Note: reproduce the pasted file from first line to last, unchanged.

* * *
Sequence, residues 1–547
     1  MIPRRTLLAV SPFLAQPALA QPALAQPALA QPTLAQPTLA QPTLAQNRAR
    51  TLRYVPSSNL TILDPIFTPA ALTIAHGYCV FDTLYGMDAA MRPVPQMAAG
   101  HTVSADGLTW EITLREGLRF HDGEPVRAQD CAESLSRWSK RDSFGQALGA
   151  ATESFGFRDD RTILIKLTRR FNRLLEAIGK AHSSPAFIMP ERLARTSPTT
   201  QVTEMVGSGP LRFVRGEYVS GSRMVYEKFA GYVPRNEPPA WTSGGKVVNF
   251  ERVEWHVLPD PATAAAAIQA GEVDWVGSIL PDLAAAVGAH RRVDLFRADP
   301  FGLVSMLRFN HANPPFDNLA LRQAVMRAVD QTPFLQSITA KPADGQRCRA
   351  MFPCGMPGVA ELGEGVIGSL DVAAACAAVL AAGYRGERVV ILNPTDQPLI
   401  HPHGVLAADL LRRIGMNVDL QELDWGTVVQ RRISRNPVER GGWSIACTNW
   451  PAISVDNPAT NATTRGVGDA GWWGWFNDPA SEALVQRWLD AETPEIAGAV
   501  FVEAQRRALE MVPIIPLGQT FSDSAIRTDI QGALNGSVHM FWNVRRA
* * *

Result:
Sequence, residues 1–547
     1  MIPRRTLLAV SPFLAQPALA QPALAQPALA QPTLAQPTLA QPTLAQNRAR
    51  TLRYVPSSNL TILDPIFTPA ALTIAHGYCV FDTLYGMDAA MRPVPQMAAG
   101  HTVSADGLTW EITLREGLRF HDGEPVRAQD CAESLSRWSK RDSFGQALGA
   151  ATESFGFRDD RTILIKLTRR FNRLLEAIGK AHSSPAFIMP ERLARTSPTT
   201  QVTEMVGSGP LRFVRGEYVS GSRMVYEKFA GYVPRNEPPA WTSGGKVVNF
   251  ERVEWHVLPD PATAAAAIQA GEVDWVGSIL PDLAAAVGAH RRVDLFRADP
   301  FGLVSMLRFN HANPPFDNLA LRQAVMRAVD QTPFLQSITA KPADGQRCRA
   351  MFPCGMPGVA ELGEGVIGSL DVAAACAAVL AAGYRGERVV ILNPTDQPLI
   401  HPHGVLAADL LRRIGMNVDL QELDWGTVVQ RRISRNPVER GGWSIACTNW
   451  PAISVDNPAT NATTRGVGDA GWWGWFNDPA SEALVQRWLD AETPEIAGAV
   501  FVEAQRRALE MVPIIPLGQT FSDSAIRTDI QGALNGSVHM FWNVRRA